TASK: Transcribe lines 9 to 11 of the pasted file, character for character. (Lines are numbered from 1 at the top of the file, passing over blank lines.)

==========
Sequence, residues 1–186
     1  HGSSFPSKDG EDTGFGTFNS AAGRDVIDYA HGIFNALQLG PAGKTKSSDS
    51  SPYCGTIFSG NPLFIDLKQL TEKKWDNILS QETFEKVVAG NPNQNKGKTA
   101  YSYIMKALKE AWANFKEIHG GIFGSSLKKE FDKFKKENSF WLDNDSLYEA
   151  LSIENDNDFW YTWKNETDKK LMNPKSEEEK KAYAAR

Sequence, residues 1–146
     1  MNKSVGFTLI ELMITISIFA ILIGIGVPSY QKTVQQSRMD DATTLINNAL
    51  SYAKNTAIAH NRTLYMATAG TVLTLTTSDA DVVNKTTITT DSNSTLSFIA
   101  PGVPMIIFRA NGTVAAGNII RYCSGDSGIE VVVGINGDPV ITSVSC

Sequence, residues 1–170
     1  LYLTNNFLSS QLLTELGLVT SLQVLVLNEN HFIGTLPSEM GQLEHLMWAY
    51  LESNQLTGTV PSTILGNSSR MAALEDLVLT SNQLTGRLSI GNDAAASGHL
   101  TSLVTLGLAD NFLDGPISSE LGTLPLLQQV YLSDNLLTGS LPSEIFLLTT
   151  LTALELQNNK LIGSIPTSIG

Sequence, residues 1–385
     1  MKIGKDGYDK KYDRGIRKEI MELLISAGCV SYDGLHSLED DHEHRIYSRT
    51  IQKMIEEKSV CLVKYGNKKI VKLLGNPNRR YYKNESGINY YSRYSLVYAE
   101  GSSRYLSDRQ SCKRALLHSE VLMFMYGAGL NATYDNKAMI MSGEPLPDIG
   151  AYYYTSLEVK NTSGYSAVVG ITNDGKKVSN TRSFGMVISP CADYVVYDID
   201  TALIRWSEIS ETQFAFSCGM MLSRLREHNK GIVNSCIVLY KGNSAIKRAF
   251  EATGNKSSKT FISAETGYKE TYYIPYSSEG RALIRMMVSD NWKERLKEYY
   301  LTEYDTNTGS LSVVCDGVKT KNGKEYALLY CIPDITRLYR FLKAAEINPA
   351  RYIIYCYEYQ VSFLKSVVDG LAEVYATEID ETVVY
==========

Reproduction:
   101  PGVPMIIFRA NGTVAAGNII RYCSGDSGIE VVVGINGDPV ITSVSC

Sequence, residues 1–170
     1  LYLTNNFLSS QLLTELGLVT SLQVLVLNEN HFIGTLPSEM GQLEHLMWAY